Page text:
What to Do When a Parent in a Nursing Home Wants to Go Home
With a senior population of around 47.8 million, it’s no wonder that nursing homes are such a large industry in the US.
Most of these homes are relaxing places beneficial to their residents. Still, there are a plethora of senior citizens who don’t enjoy assisted living facilities. If an elderly parent wants to leave nursing home, you’re likely learning this the hard way.
Fortunately, there are nursing home alternatives for seniors who want to leave nursing homes and return to their own houses. Read on for some information on how to get out of a nursing home, and how to stay out of a nursing home, and what to do when you find a loved one with issues like dementia wanting to go home.
Talk to Your Parent
The first thing you should do is have a conversation with your parent about why they want to leave.
This may sound odd, especially if your parent has memory issues. However, one of the most frustrating things about aging is that you get left out of major decisions involving you. Talking to your parent shows that you care about how they feel and that you want them to have a say in what happens to them.
Ask your parent what they don’t like about their assisted living facility. While it’s uncommon, elder abuse is a serious problem in some nursing homes. Make sure that you’re on the lookout for signs of this. If your parent says something that points to this as a possibility, get them out as fast as possible.
More often than not, though, your parent will simply dislike something about being in assisted living. Do they resent having a lack of privacy? Are they feeling isolated because of the lack of activities that they can go to? If these are the issues, you can probably talk to a caregiver about why this is a problem.
Sometimes, your parent simply will want to go home so that they can be in a comfortable environment. They want to be surrounded by their own things and the people that matter to them. This is a completely valid concern, and there are ways that you can remove your loved one from a nursing home and take them home.
Research Home Care Options
Now that you’ve discussed your parent’s needs with them, it’s time to look into some top-notch home care options. There are many different alternatives for home care, so you’ll want to figure out what best suits your parent’s needs as well as your own. Read on to learn more about how you can choose an at-home caregiver for your loved one.
Decide What Services Your Parent Needs
When researching home care services, think about what your parent needs to have done for them. Ask yourself the following questions:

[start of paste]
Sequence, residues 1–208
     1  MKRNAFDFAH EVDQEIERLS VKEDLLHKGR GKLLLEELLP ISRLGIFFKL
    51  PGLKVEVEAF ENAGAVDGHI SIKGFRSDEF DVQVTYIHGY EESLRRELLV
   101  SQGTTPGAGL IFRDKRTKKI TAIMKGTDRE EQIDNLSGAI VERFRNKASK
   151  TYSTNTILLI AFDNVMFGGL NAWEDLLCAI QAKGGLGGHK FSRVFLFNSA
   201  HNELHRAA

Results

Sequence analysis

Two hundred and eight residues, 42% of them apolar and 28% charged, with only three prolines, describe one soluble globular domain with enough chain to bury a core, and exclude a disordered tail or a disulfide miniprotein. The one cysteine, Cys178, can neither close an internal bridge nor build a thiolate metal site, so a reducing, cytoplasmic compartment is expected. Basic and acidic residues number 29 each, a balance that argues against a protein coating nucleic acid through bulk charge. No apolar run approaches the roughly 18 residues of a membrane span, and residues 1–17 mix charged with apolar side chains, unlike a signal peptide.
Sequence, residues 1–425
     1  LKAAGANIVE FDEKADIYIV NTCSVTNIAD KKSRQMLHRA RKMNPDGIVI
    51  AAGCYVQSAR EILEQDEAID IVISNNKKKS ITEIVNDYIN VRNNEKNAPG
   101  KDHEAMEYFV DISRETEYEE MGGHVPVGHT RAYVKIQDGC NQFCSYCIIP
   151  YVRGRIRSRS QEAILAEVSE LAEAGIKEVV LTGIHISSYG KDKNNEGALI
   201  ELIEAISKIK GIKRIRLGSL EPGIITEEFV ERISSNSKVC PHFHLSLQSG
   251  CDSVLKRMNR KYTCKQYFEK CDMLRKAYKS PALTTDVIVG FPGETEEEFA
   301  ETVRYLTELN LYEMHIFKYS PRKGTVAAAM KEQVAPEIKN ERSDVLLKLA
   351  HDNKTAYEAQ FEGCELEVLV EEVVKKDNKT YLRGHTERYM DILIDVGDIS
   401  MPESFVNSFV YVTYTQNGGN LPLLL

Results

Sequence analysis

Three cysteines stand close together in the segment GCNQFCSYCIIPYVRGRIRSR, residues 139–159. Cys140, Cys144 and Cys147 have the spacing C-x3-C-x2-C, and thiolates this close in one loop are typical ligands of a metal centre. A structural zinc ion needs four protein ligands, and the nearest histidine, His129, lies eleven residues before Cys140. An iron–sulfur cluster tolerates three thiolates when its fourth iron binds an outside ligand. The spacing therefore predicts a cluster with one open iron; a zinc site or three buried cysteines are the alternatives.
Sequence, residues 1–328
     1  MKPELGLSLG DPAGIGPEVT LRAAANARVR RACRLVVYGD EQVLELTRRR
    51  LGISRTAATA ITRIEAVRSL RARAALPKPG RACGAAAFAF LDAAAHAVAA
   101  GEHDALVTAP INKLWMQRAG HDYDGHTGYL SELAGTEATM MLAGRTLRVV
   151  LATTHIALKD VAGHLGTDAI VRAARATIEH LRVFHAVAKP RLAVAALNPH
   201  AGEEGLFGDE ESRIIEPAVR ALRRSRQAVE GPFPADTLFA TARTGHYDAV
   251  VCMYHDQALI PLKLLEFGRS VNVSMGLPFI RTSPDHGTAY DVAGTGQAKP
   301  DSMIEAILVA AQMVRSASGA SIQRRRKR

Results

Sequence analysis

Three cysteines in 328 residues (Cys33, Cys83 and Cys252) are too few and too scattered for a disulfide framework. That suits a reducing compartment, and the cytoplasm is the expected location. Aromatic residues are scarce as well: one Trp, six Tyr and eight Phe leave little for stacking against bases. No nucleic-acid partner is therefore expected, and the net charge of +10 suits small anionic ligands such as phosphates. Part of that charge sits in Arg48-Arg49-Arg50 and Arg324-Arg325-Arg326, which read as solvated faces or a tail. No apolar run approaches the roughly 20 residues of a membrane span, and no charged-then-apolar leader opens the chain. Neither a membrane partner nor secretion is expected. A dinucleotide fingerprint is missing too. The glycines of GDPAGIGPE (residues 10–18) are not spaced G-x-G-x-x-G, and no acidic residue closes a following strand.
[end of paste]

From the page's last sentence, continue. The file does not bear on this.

- Is the house easy to move around and navigate, assuming that clutter is picked up and doors are kept open?
- Can your parent perform personal hygiene-related tasks such as bathing and brushing teeth on their own?
- Can your parent use the restroom by themselves?
- Is your parent frequently confused in a way that may put them in danger or stressful situations?
- Does your parent generally remember to eat/drink water?
- Is your parent lonely and in need of a companion?
- How often can you or other family members realistically help out with caregiving tasks?
When you answer these questions, you will be able to figure out whether at-home care is practical and how much you will need to invest. Some parents may need 24-hour caregivers while others may only need someone to come around for a few hours each day.
Know Your Budget
You’ll also want to consider your budget. This will help you to figure out what you can realistically afford.
At Commonwise, we pride ourselves on offering quality care at an affordable price. However, we also understand that some families are strapped for cash.
There are a multitude of different care packages out there. Make sure that you set a realistic budget and stick to it. This means looking into your monthly expenses and figuring out how much you have remaining!
Come Up With a Schedule
Once you choose the Commonwise Home Care services that are right for you, it’s crucial that you make a schedule.
Know when the caregiver will be with your parent. This will give you an idea as to when check-ins need to be more frequent and help you figure out when you can rest.
When caregivers aren’t present (and even when they are), you and other family members should sit down and make a schedule of visitation. Having loved ones come to visit (and maybe make some snacks) will keep your parent from becoming lonely or isolated, so this is incredibly important.
Take Care of Yourself
Once your parent comes home, remember that you still need to take care of yourself.
Not only will you be unable to assist others if you’re not doing well, but your health is important, too. You are a person with value and deserve to treat yourself as such. Caring for an elderly parent can be a physically and mentally exhausting process, and it’s critical that you know your limits and take breaks when you need to.
If you live far away, you may be considering moving home for a while. While this isn’t a bad idea in principle, ask yourself whether it truly is practical for you. You don’t want to lose your dream job or leave a young child behind indefinitely. Moving back home and visiting your parents on weekends is an option to consider once you find a professional caregiver to help out daily.
More on When a Parent in a Nursing Home Wants to Go Home
While it’s difficult to cope when a parent in a nursing home wants to go home, there are options out there to give you help and hope.
Remember that no matter how you may feel, you’re far from alone during this difficult time — there are people out there who want to help both you and your parent.
Read more about our at home care services or call our Care Team today at 434.202.8565.
Disclaimer: Please check with your physician before making any changes to your diet, exercise, or medication routine.